Name, first nameHiroyuki MoritaYear of birth1991UniversityECALField of Interest / research fieldProduct / Object DesignTitle of projectPurposes and methodologies seen in the history of imitationAbstractMany natural forms have been imitated before, and for various purposes. In this paper, we focus on the imitation of nature for artistic expression. There are generally two major types of imitation of nature found in the arts: the first is a faithful imitation of all subject matter, and the second is a technique whereby part of the subject is captured and then represented in the idealized vision of the artist. These two techniques are the two classical forms of Western art and date to ancient Greece. In contemporary artistic expression today, there are many methodologies that incorporate imitation of nature; of these, those imitating intangible natural elements are of particular interest, the reason being that formless elements like water and wind are given form through the use of manmade materials. In other words, elements with no form are reinterpreted and finished into shape through materials befitting their expression. At times, this imitative expression emphasizes the natural elements, lending a strong impact to the human viewer. Herein we survey a range of artworks expressing intangible forms like water, wind, and clouds and assess how they choose to reinterpret them and give them visible form.TutorsAnniina Koivu, Brynjar SigurdarsonFileDownload file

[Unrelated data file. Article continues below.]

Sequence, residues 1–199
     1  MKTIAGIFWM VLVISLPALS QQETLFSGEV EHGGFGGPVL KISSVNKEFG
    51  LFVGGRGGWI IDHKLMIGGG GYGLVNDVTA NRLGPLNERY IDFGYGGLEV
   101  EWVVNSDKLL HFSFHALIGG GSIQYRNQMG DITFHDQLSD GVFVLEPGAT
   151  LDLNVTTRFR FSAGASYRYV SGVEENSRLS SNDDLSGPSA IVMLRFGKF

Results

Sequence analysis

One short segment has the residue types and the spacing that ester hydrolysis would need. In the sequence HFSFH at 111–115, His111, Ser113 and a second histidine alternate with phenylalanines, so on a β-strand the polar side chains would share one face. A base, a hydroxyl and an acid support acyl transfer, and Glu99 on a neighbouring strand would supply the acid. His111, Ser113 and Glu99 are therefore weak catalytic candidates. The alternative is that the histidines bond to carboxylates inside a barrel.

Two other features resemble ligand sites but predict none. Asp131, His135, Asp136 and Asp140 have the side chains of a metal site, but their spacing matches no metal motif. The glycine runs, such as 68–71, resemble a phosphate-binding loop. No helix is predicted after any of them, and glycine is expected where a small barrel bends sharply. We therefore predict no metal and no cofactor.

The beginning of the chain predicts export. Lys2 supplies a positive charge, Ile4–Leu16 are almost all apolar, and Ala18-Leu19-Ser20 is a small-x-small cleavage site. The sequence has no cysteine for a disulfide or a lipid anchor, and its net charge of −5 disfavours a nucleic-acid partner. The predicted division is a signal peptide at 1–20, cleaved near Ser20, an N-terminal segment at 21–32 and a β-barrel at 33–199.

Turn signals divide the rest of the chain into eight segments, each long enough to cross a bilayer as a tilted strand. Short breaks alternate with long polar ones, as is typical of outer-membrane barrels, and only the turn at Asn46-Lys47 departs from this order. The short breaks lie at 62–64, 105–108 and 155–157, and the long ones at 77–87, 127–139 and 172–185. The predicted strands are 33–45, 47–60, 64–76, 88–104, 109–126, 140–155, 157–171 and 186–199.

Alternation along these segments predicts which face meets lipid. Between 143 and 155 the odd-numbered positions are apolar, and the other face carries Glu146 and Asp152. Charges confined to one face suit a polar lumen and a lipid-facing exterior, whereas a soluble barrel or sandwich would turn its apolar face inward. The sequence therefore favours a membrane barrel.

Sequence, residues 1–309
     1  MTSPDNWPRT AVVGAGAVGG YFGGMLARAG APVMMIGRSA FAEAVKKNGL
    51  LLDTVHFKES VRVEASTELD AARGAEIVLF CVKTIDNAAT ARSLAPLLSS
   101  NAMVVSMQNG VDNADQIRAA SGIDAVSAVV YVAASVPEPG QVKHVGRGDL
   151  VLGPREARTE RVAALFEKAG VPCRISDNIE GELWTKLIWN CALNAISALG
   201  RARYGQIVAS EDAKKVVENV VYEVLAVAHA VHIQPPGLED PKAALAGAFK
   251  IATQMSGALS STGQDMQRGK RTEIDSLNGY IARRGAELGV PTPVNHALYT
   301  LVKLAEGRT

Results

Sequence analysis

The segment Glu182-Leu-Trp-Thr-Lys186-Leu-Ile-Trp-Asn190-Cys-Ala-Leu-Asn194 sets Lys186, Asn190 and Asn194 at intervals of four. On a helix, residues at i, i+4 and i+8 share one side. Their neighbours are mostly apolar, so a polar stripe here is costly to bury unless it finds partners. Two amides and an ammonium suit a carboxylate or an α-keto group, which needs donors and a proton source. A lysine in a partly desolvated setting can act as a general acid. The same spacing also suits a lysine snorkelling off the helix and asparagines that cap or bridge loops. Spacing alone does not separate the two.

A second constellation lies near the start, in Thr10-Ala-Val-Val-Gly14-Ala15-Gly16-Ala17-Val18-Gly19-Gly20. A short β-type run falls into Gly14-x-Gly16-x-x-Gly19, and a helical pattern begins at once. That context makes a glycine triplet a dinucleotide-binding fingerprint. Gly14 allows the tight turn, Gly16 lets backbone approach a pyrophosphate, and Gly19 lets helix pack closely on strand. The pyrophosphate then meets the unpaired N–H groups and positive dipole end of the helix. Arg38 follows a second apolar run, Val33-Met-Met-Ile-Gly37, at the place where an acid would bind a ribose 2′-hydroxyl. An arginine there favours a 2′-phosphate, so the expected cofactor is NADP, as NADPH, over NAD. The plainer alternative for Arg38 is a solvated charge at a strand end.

Purposes and methodologies seen in the history of imitationPurposes and methodologies seen in the history of imitationPurposes and methodologies seen in the history of imitation